Moreover, the combination of fiber strips and compression system of the invention is extraordinarily flexible with respect to aligning the fibers and adjusting the porosity. Tests have shown it is possible to produce very fine porosity which is unusually uniform across the surface, and this shall be a particular advantage when a broad flame must be generated on the outer surface of the fiber brick.
In the sense of the invention, the concept of compression system is quite general. In the simplest case a suitable clearance in the wall of the fire space of a furnace will suffice, the fiber strips then being of such sizes that following their insertion, they shall be mutually compressed. Obviously the compression system also may be combined with an adjustment device in order to adjust or fine-control thereby the porosity of the fiber part also during operation.
A substantial advantage of the design of the invention for a fiber brick is that the cross-sections of the fiber strips always can be so dimensioned that the gross density of the fiber part shall be essentially constant across its cross-section. This is especially advantageous if air or fuel is flowing through the fiber brick.
In the invention, the fiber part assumes the shape of an illustratively cylindrical fiber shell enclosing a duct. In that case the fiber shell preferably consists of a plurality of peripherally adjacent but otherwise axially extending fiber strips which at least in part preferably comprise a cross-section tapering toward the inside of the fiber shell. In particular trapezoidal or triangular cross-sections are suitable cross-sectional shapes. Fiber strips of rectangular cross-section may alternate in the peripheral direction of the fiber shell with fiber strips of which the cross-section tapers toward the duct.
As an alternative to a cylindrical fiber shell, this fiber shell also may be shaped in such a way that the duct tapers toward one end. In this case the fiber strips preferably are partly shortened toward that end in order to account for the change in cross-section. Alteratively or in combination therewith, the fiber strips also may be designed in such a way that they cross-sectionally taper conically at least in part toward the more narrow opening.
When the fiber strips are consolidated into a fiber shell, the compression system can consist illustratively and in simple manner of an outer, metal casing with the fiber shell resting pre-stressed against the inside surface of the said casing. This may be a metal sleeve if the fiber brick is installed in such a way that no throughflow takes place. However the outer casing also may be provided with a plurality of apertures and illustratively it may be in the form of a wire mesh or a rib-mesh metal sleeve. Thereby radial flow is possible through the fiber shell, for instance in order to transmit air through the fiber shell into the duct or to generate a big flame on the outside surface of the fiber shell. In addition, the outer casing may be enclosed by a fiber mat made of refractory fibers.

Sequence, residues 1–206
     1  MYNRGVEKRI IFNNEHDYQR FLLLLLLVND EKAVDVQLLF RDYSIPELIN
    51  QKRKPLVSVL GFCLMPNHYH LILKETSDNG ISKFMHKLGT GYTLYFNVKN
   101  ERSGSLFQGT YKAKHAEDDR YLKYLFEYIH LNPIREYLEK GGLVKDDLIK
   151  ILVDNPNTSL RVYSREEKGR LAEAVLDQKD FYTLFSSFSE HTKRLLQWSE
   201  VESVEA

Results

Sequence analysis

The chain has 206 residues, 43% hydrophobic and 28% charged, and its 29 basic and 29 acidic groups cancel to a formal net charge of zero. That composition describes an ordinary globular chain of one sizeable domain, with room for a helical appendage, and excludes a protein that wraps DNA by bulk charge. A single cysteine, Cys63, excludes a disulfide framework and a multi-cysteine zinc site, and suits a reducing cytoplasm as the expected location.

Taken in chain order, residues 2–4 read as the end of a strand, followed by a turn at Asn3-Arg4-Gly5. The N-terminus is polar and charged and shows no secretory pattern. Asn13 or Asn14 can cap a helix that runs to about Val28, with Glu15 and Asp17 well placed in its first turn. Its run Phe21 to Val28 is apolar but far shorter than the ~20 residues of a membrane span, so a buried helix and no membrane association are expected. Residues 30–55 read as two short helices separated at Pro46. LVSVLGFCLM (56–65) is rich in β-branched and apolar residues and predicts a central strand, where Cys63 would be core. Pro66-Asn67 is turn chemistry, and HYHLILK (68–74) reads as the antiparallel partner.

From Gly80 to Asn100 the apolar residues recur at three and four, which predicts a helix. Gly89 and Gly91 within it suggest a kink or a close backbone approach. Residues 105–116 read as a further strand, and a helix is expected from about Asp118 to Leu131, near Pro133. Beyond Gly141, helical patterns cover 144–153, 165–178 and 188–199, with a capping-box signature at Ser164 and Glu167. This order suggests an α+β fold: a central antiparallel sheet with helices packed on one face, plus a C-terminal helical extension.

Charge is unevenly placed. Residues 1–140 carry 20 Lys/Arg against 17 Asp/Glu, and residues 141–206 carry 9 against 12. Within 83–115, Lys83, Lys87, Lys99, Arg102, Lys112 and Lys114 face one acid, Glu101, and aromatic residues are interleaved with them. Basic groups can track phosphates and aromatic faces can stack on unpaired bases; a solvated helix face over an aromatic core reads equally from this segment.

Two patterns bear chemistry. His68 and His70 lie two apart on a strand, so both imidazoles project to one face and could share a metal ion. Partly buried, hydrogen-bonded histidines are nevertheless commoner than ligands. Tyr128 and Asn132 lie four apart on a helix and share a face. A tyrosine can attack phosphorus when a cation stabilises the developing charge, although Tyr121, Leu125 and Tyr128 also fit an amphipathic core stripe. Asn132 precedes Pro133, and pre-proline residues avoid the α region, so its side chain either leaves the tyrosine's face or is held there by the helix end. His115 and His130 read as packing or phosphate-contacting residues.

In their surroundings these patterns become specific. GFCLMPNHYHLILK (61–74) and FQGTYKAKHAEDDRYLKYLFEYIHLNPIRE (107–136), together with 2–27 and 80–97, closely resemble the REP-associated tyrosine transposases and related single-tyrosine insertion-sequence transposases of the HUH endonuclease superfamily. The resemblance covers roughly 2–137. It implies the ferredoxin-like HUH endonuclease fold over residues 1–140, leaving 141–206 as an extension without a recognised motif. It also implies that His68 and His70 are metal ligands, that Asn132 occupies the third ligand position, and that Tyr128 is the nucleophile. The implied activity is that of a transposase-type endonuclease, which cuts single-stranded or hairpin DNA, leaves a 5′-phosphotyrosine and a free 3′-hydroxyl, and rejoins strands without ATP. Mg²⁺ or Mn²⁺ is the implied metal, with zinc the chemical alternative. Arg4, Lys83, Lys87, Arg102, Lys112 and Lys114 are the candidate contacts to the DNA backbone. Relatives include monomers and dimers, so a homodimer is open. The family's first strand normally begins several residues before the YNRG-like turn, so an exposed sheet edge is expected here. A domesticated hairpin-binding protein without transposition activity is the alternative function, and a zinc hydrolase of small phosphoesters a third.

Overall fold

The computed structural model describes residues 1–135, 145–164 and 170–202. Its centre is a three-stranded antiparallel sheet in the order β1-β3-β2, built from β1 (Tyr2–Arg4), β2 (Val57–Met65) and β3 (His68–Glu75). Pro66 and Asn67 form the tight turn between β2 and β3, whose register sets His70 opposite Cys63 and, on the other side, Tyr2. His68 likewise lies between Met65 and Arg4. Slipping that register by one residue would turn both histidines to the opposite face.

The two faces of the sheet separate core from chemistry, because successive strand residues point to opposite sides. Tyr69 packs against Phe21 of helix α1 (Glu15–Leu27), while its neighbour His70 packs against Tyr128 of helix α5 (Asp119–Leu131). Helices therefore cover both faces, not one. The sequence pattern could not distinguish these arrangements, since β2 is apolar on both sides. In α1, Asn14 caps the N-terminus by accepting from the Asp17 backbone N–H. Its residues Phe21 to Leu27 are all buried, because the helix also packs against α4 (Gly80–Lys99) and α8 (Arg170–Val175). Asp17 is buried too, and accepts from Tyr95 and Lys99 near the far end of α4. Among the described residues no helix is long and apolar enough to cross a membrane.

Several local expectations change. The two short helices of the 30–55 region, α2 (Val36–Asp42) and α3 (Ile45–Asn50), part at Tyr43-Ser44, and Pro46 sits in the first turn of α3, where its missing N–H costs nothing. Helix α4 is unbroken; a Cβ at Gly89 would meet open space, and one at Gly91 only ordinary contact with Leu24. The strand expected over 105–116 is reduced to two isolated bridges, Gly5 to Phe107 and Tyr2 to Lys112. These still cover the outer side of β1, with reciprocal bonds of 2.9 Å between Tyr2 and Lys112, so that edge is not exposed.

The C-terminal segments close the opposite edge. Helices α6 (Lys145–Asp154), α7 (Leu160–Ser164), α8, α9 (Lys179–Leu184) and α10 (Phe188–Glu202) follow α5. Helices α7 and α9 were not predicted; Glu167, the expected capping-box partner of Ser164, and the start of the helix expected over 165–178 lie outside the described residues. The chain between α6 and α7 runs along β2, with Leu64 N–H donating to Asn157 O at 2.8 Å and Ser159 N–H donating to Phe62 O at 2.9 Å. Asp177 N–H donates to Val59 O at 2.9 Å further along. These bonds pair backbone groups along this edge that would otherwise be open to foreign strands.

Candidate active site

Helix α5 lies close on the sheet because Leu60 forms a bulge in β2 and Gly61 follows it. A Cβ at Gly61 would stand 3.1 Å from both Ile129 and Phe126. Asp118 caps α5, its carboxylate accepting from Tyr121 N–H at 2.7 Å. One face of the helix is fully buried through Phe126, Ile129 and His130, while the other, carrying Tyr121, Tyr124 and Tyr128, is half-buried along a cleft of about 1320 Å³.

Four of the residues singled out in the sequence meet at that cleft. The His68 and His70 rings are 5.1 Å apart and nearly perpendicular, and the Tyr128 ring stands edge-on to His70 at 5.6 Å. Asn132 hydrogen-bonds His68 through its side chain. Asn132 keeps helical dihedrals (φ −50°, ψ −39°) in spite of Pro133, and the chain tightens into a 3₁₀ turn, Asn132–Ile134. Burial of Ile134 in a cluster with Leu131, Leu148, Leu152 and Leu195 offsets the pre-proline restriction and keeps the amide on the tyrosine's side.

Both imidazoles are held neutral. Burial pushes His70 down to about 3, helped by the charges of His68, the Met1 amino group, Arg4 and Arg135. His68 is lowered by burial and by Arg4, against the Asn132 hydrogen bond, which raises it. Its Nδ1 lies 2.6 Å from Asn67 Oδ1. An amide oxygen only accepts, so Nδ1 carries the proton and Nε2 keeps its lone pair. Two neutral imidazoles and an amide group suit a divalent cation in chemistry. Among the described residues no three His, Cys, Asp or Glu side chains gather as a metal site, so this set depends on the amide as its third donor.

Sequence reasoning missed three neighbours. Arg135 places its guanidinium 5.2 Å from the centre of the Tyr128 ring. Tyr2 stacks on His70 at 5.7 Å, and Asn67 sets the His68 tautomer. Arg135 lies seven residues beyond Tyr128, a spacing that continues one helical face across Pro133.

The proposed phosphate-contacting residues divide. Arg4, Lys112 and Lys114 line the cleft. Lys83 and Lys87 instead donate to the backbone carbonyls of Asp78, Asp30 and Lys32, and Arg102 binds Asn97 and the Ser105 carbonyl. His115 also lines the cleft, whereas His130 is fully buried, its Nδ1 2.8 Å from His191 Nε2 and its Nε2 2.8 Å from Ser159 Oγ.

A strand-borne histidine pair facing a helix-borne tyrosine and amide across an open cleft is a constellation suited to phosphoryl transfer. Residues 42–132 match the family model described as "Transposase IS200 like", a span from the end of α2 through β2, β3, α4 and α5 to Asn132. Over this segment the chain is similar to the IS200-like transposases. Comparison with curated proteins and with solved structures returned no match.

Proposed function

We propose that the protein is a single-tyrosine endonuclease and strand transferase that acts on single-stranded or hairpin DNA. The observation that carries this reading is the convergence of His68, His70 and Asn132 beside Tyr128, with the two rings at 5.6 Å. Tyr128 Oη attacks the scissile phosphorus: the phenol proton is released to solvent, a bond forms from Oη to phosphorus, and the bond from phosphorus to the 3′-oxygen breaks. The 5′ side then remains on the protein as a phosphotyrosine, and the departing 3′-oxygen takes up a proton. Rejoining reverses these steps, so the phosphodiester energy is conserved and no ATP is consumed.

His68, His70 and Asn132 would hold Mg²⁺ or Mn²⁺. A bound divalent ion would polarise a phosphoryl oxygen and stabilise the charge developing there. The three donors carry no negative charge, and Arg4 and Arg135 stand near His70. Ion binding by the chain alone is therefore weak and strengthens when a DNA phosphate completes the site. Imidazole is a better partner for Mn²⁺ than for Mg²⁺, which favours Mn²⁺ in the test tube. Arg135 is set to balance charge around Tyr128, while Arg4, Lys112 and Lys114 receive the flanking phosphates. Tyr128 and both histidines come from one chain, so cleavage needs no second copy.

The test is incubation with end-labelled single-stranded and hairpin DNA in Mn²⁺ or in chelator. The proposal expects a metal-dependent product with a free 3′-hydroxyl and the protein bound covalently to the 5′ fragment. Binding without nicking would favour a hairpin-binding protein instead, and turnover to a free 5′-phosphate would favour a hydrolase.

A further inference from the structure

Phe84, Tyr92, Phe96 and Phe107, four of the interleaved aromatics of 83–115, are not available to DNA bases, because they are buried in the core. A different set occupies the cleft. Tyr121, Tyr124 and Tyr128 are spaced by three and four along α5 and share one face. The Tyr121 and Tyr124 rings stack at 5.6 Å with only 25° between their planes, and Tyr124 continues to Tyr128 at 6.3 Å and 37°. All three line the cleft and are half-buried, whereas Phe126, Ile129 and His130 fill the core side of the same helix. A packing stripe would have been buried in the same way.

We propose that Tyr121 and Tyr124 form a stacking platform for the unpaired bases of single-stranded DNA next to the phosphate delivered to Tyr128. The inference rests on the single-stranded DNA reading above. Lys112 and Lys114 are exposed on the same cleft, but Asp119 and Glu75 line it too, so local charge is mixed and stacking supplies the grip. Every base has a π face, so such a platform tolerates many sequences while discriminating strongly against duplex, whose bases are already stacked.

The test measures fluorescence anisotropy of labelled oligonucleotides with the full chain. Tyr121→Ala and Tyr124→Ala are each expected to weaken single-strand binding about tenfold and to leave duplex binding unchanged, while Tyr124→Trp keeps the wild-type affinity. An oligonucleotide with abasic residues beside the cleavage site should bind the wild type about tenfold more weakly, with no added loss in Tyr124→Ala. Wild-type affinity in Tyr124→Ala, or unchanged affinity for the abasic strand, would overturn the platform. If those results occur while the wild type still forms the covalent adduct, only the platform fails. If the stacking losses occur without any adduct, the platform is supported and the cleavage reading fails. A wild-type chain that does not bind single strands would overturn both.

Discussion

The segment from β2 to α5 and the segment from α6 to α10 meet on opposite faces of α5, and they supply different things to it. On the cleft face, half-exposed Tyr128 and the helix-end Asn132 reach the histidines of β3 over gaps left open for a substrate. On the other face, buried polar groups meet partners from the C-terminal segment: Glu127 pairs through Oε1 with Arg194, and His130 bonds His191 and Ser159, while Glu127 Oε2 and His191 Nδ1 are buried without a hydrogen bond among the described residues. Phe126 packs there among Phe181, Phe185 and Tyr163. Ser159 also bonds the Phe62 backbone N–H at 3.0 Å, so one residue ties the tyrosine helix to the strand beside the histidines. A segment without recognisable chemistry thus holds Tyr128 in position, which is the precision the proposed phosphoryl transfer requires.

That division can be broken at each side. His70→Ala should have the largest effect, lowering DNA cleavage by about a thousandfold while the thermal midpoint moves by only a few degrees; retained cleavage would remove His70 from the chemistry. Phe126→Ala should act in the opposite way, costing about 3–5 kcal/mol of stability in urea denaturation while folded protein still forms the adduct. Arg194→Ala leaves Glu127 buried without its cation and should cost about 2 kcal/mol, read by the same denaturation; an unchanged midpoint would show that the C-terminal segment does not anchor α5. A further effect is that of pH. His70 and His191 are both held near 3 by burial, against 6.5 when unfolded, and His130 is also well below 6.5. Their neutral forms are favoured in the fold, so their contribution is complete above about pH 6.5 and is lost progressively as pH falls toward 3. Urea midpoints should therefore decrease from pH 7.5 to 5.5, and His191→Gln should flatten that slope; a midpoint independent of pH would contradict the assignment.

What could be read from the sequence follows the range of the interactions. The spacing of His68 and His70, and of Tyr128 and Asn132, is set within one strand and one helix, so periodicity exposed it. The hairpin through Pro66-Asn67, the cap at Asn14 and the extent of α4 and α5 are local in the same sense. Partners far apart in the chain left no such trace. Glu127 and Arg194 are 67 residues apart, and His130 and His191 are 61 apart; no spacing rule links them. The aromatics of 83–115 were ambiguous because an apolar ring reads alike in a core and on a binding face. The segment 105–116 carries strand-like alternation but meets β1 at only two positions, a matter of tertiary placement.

Moreover a cylindrical or conical fiber shell may be made in that the fiber strips are annular fiber panes, i.e. washers, consecutively mounted in the direction of the duct. If such fiber panes or washers are stamped out of the raw product present as a mat, perforce their fibers will extend in radial planes, and thereby the fiber shell will evince a brush-like structure at the inner and outer surfaces. The compression system in this case may consist of terminal washers and of radially extending tension bolts connecting them.
The invention further provides that the fibers in the fiber strips predominantly extend in radial planes. Thereby the individual fiber strips are correspondingly cut out of the raw product, ie the fiber mat, and are suitably positioned. In such fiber mats, the individual fibers extend predominantly in planes parallel to the surfaces, the fibers inside these planes being arrayed randomly. The array of the invention of the fiber strips results in a brush-like surface structure both on the inside and on the outside of the fiber shell. Fiber detachment is prevented thereby.
In the case a flame must be generated on the outside of the fiber shell, the invention provides that the duct be closed at one end, namely the free end, in order to constrain the fuel to flow through the fiber shell and to issue only at its outside.